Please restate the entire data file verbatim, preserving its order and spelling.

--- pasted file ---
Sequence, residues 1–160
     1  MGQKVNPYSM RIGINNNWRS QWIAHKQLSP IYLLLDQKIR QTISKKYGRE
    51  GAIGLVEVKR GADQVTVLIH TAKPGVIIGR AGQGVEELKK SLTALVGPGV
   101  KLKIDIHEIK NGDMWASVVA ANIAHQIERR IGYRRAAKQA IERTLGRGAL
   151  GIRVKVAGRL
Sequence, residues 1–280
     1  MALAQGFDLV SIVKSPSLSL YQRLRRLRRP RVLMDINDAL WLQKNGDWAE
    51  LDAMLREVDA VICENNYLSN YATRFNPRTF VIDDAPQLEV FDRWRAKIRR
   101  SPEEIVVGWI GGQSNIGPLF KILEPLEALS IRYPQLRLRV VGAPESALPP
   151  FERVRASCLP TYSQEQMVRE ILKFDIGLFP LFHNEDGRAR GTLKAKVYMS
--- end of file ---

Sequence, residues 1–160
     1  MGQKVNPYSM RIGINNNWRS QWIAHKQLSP IYLLLDQKIR QTISKKYGRE
    51  GAIGLVEVKR GADQVTVLIH TAKPGVIIGR AGQGVEELKK SLTALVGPGV
   101  KLKIDIHEIK NGDMWASVVA ANIAHQIERR IGYRRAAKQA IERTLGRGAL
   151  GIRVKVAGRL
Sequence, residues 1–280
     1  MALAQGFDLV SIVKSPSLSL YQRLRRLRRP RVLMDINDAL WLQKNGDWAE
    51  LDAMLREVDA VICENNYLSN YATRFNPRTF VIDDAPQLEV FDRWRAKIRR
   101  SPEEIVVGWI GGQSNIGPLF KILEPLEALS IRYPQLRLRV VGAPESALPP
   151  FERVRASCLP TYSQEQMVRE ILKFDIGLFP LFHNEDGRAR GTLKAKVYMS